I find the senns are quite good for a more relaxed and confortable listen. the Philips are better for critical listening but are nowhere as confortable as the senns. I guess that's why I had to buy all those headphones
 
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Now that I've got my HD580's, my SR325's don't get used much anymore -- I won't even use the "V"-word here, since there is none on my 580.

HD580 -- more bass and more relaxing sound for longer listening -- and much more comfortable, to boot.


I use other cans for variety, when in the mood.
And, NONE have the dreaded "V"-word!
 
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Quote:

Originally Posted by alitomr /img/forum/go_quote.gif
Could you please define the "veil"??? I have been reading a lot here n the forums and the term keeps appearing and I dont know what it means. I have a pair of HD555s that I simply love.

I like them so much that I keep asking myself how would be a pair of HD595 or even the HD600.

I want to know what the friggin "veil" is!!! PLease?



It all depends on what you are expecting to hear in your music.
 
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KrooLism

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12 results for: veil

1.a piece of opaque or transparent material worn over the face for concealment, for protection from the elements, or to enhance the appearance.
2.a piece of material worn so as to fall over the head and shoulders on each side of the face, forming a part of the headdress of a nun.
3.the life of a nun, esp. a cloistered life.
4.something that covers, separates, screens, or conceals: a veil of smoke; the veil of death.
5.a mask, disguise, or pretense: to find fault under a veil of humor.
6.Botany, Anatomy, Zoology. a velum.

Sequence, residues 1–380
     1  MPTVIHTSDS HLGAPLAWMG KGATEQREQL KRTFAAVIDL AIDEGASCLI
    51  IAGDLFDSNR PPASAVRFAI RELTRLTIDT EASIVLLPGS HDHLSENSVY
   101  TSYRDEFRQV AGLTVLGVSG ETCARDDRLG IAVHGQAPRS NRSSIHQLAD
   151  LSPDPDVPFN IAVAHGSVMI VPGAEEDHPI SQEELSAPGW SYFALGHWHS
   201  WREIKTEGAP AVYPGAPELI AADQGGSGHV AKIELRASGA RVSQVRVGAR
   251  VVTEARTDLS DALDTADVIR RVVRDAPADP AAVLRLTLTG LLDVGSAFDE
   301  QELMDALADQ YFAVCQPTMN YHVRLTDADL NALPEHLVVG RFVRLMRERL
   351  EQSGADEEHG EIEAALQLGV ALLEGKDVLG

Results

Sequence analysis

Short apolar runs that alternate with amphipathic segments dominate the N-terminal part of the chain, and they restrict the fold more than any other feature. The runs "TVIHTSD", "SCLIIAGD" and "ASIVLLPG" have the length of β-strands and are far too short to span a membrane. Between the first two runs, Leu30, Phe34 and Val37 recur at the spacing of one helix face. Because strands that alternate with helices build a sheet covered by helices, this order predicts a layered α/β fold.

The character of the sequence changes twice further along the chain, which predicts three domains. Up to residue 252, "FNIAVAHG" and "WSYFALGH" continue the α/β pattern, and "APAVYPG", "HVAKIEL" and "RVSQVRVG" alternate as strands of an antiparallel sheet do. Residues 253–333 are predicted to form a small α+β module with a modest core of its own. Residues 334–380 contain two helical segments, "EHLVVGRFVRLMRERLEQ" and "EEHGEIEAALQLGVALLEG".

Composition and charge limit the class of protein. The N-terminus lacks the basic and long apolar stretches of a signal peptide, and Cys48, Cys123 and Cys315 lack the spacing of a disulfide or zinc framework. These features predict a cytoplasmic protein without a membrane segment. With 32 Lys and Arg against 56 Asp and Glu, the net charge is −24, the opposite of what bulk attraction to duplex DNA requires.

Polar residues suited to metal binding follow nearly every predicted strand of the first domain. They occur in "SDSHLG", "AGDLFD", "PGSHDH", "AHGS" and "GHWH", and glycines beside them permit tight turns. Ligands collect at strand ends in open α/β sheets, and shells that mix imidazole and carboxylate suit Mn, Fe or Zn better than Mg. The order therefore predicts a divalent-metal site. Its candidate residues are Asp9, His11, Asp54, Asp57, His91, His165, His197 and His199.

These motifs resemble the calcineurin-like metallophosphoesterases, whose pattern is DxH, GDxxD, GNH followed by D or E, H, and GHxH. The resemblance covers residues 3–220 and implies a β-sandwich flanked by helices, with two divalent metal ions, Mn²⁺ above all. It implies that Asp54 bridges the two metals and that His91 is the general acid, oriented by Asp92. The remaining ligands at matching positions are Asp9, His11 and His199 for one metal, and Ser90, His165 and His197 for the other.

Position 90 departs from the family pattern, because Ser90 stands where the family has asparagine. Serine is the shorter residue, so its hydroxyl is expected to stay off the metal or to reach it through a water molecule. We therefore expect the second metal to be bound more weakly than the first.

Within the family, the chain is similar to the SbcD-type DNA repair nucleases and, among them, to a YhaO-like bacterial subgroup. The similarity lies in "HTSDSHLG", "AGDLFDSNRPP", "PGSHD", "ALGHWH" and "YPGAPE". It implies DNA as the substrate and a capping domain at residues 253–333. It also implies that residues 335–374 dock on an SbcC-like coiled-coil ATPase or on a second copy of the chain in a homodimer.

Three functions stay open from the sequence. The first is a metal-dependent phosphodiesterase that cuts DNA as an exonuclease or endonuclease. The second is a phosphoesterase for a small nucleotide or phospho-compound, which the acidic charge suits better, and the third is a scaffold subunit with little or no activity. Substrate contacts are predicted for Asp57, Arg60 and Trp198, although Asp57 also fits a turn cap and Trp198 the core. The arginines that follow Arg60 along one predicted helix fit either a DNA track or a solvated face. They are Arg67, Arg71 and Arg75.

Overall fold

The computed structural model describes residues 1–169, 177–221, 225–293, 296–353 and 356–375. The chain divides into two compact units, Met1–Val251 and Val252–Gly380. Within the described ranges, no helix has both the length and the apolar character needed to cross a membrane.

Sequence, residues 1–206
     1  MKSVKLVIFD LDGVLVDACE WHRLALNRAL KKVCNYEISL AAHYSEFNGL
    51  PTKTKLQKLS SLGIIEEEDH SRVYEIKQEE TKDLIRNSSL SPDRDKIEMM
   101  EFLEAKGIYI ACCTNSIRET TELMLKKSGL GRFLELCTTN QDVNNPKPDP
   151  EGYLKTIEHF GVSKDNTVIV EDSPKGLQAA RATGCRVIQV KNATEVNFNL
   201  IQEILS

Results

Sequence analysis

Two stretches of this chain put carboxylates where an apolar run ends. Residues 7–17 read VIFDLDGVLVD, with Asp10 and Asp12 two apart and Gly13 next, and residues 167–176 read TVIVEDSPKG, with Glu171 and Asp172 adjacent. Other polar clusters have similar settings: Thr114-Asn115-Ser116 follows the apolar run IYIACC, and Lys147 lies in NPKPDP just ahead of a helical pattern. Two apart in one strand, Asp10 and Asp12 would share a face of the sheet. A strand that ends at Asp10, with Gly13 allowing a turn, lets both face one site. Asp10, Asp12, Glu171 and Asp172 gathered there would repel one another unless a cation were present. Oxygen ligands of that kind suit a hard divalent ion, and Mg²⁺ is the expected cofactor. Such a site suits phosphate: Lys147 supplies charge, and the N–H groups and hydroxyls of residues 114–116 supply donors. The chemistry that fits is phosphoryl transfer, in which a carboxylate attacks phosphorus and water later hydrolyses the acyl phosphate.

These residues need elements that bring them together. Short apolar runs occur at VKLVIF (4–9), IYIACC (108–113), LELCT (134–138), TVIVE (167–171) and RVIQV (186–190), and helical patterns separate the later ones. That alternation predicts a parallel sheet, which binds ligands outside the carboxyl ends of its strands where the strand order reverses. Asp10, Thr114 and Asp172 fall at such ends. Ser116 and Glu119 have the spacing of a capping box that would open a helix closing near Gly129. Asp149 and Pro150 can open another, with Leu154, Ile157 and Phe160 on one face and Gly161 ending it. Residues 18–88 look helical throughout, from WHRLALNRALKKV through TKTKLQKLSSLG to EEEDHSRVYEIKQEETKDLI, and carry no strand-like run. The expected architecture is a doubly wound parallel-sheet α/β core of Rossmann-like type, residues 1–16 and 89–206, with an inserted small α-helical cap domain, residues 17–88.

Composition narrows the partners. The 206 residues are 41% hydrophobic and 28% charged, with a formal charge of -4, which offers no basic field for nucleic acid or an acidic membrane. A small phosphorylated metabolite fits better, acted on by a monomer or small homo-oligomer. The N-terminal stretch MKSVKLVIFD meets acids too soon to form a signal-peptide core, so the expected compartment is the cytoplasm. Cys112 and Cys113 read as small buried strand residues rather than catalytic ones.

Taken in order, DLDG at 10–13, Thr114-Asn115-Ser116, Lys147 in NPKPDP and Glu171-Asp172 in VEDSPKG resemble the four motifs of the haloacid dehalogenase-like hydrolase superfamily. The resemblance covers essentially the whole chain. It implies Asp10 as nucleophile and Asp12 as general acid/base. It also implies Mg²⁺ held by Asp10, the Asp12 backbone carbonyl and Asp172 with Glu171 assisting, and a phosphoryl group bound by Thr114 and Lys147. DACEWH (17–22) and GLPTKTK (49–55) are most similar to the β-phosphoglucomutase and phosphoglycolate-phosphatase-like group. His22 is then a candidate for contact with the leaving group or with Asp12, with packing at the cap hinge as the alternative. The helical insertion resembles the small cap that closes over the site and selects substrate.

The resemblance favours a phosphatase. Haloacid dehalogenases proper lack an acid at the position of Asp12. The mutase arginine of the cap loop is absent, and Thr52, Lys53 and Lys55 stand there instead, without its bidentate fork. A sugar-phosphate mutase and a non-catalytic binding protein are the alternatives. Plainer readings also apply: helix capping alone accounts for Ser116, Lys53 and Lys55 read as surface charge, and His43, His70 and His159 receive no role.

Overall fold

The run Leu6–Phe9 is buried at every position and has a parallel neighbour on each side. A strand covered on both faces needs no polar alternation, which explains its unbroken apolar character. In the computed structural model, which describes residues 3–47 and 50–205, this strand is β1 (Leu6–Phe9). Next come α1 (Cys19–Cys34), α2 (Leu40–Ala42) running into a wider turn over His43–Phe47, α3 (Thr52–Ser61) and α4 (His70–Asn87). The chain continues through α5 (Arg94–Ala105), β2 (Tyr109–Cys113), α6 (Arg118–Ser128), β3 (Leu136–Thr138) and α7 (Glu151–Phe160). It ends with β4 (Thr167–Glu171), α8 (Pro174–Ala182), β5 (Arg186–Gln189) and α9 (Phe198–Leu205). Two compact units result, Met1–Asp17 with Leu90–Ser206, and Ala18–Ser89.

7.Mycology. a membrane that covers the immature mushroom of many fungi and breaks apart as the mushroom expands, leaving distinctive remnants on the cap, stalk, or stalk base.
8.Scot. and North England. a caul.
–verb (used with object)
9.to cover or conceal with or as with a veil: She veiled her face in black. A heavy fog veiled the shoreline.
10.to hide the real nature of; mask; disguise: to veil one's intentions.

–verb (used without object)
11.to don or wear a veil: In certain Islamic countries women must veil.
—Idiom
12.take the veil, to become a nun.
 
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Gradofan2

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It's where I go to ski.

But... actually... the only way you're going to know what the Senn "veil" is - is to try the HD650's compared to the RS-1's, or AD2000's.

Then you'll know.

I would say that with the right setup, cable, the foam removed, and burnt in - the HD600's (and I assume the HD580's with the 600 grills) sound virtually as bright, clear and dynamic as these other phones.
 
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Davesrose

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Quote:

Originally Posted by Gradofan2 /img/forum/go_quote.gif
It's where I go to ski.

But... actually... the only way you're going to know what the Senn "veil" is - is to try the HD650's compared to the RS-1's, or AD2000's.

Then you'll know.

I would say that with the right setup, cable, the foam removed, and burnt in - the HD600's (and I assume the HD580's with the 600 grills) sound virtually as bright, clear and dynamic as these other phones.



you know, I compared a SR325i and k501 when I still had my HD580 and 595 with stock cable and foam (no defoamer here). Still no veil here


Only headphone I've listened to that I could finally understand veil was the DT770/80: now that's a headphone with recessed mids. To my ears, Sennheisers have always been the most accurate: yes the treble is softer then a Grado, but in real life, bass is what reverberates. The HD650 also scales up extremely well (better then a lot of phones) and has left all my other headphones in the dust as far as extension and speed. Including any Grado I've tried.

*edit* and we know that the HD580/600/650s are unnaturally soft in the treble, because recording engineers use them
 
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Hi-Finthen

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Simply a made up term, defended against by made up terms such as 'Warm Soundstage" which casts a better light on the relative presentation of the 650s to all other manufacturers referance quality headphones. However appropo the blanket terms used, it is apparent by listening and ownership as I have. I prefer clarity and detail being closer to the musical event, rather than a warm soundstage percieved from a distance where gentlemen in the audience nod off durring the concert. Not that there's anything wrong with that ;-}